Six fresh frozen human cadaver lumbar spine specimens of L2–L5, from subjects with amedian age of 53 years (range, 45–62) were tested. The specimens were freshly dissected, sealed in triple plastic bags and stored at -28°C until testing. Radiographs were taken before preparation to exclude spinal diseases, damage, and severe degeneration. Specimens with no, or only slight, degeneration were used. Each specimen was debrided of muscle and adipose tissue and the ligamentous structures left intact. The average distance between the L3-4 interspinous processes in the neutral position was 11.2 mm (9.7–11.8 mm), and they were all set to 12 mm by a surgical drill. The cranial (L2) and caudal (L5) vertebral bodies of each specimen were half embedded in polymethyl methacrylate (Vertex Self-curing; Dentimex, Zeist, the Netherlands), and the middle disc (L3-4) aligned horizontally.
Before undertaking the experiments, the specimens were thawed at room temperature (22°C) and fixed onto a computer-controlled electronic universal testing machine capable of producing independent axial loads and bending moments (Zwick-Z010/BIXI, Zwick-Roell, Ulm, Germany)18.
Each specimen was wrapped in a polyethylene sheet to keep it hydrated during the experiment. Before testing, each specimen was also subjected to a compressive force of 300 N for 15 min in the neutral position. This maneuver was performed to precondition the specimens and reduce any postmortem over hydration effects in the intervertebral discs5,18. Then, each L3-4 disc was incised horizontally using a sharp surgical blade, and a pressure measuring film (Prescale Film, Fujifilm, Tokyo, Japan) was implanted in it to measure the load distribution at each step during the test (Fig. 2). Similarly, pressure measuring films were placed into the facet joints after excision of the meniscus and posterior part of capsule.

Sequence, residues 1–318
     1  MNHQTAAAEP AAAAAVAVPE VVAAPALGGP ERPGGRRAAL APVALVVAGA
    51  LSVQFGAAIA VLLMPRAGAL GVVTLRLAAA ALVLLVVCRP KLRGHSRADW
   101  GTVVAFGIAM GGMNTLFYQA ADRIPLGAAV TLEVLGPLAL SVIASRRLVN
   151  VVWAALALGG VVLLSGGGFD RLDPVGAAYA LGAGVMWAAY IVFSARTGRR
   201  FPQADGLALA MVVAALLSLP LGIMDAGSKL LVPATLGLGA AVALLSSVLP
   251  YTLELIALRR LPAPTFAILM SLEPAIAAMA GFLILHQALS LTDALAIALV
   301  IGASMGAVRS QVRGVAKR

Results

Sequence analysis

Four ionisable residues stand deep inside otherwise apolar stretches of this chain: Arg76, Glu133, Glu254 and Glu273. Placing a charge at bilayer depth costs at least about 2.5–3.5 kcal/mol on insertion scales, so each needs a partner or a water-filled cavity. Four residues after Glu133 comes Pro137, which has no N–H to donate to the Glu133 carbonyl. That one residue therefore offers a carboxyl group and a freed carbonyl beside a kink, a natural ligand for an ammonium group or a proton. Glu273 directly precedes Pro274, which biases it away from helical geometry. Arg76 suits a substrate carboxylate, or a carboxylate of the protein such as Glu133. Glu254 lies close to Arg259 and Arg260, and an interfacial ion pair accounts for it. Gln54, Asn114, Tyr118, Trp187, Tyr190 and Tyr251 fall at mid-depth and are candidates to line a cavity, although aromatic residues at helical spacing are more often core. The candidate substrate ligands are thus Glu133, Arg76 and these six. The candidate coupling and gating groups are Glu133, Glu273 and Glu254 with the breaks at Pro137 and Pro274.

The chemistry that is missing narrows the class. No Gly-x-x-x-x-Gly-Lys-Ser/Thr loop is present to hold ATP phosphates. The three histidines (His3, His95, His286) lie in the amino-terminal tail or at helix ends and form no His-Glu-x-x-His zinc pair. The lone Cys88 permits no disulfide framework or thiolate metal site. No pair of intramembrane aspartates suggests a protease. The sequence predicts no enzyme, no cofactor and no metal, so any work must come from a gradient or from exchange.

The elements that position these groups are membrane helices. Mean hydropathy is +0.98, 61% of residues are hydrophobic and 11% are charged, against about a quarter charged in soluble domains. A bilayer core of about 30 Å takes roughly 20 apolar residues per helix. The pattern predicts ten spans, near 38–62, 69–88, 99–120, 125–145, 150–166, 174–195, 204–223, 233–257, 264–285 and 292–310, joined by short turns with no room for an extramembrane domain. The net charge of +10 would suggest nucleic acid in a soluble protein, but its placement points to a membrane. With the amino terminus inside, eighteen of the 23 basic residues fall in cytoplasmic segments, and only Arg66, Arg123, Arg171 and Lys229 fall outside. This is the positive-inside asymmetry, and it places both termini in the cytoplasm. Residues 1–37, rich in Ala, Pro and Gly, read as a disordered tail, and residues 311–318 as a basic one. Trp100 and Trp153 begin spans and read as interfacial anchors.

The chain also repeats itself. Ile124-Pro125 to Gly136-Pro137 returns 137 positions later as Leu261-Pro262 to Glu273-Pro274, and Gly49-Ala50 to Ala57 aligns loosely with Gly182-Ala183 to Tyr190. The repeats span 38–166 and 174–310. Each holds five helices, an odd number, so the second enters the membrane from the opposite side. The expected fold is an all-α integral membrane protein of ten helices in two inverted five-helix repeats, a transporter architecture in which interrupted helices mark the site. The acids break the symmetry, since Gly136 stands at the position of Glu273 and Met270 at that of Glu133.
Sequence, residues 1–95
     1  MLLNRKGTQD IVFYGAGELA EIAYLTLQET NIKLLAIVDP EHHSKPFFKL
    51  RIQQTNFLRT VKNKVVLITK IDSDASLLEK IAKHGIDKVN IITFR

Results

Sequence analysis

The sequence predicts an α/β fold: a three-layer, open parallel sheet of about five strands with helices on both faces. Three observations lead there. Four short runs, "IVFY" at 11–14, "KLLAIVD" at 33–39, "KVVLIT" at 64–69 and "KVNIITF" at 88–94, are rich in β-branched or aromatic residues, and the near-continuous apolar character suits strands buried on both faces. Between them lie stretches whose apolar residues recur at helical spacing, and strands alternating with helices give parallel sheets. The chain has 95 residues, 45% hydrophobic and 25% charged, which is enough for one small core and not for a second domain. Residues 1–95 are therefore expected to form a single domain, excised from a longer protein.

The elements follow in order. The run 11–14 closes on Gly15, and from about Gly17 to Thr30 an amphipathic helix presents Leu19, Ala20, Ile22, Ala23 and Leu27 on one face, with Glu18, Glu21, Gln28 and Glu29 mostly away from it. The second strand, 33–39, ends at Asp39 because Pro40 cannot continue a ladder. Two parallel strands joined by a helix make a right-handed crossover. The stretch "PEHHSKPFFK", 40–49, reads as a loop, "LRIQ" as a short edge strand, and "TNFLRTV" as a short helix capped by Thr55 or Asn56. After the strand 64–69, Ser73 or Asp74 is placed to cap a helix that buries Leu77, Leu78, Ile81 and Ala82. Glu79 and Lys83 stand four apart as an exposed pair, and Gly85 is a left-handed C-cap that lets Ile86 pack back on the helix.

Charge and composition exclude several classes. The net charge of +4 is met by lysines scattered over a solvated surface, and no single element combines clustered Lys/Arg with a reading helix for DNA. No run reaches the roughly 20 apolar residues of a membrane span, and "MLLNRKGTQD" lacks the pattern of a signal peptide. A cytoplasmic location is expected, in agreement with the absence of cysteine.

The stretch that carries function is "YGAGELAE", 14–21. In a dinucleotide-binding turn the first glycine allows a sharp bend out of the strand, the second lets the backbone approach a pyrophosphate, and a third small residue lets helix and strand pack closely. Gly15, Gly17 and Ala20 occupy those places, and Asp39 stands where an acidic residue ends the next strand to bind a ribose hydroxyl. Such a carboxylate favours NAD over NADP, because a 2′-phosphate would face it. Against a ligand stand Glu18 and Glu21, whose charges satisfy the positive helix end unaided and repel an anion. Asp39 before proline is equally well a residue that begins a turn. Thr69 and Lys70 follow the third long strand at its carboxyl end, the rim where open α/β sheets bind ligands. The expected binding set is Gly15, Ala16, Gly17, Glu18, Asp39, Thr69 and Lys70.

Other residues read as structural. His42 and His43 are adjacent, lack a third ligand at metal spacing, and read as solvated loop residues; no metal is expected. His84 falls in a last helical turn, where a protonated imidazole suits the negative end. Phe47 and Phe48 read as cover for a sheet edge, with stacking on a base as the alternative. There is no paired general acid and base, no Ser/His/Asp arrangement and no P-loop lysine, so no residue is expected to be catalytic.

Independent film calibration curves were created for each film grade in an axial load frame using known loads and areas. After loading, the calibration films were scanned on a flat-bed scanner and converted to 8-bit gray scale images which were used to develop gray scale versus pressure calibration data for each film grade using image analysis software (Optical Fringe Pattern Analysis, Shanghai University, Shanghai, China).
A third order regression curve was constructed from the gray scale versus pressure data and used to convert the test specimen film loading patterns to pressure and area measurements (Fig. 3).
Figure 2. The loading frame and the specimen being tested.
The film used in this research was medium sensitivity film ranging from 0.5 MPa to 5.0 MPa. The peak disc pressure was calculated as the greatest pressure from the highest film grade. The average disc pressure was calculated as an average of the films as described by Adams19.
Initially, each intact specimen was placed in the loading frame in the neutral position and subjected to an axial compressive force of 700 N for 60 s. A 700 N force was chosen because it is approximately the amount of force observed in the lumbar spine during sitting, and has been used in similar in vitro disc pressure studies. Flexion and extension were achieved by applying a 7 Nm bending moment in the respective direction with a superimposed 700 N compressive load18,20–22.
Next, the SMID implant was placed between the L3 and L4 spinous processes. The spacer height of the SMID ranged from 10 to 20 mm, going from small to large. Before fixation, the device was placed into icy water for about 10 min to soften it. Then the 10, 12, and 14 mm devices, the lateral wings of which could be bent horizontally in icy water, were placed in turn between the spinous processes of L3 and L4 through a cut in the interspinous ligament created with a sharp surgical blade. The lateral wings of the 16, 18, and 20 mm devices could not be bent horizontally, but only to about 40 degrees, so they were put in place through the segment’s supraspinal ligament and part of the interspinous ligament was incised by a sharp blade.All six different sizes of implants were used in each specimen in turn.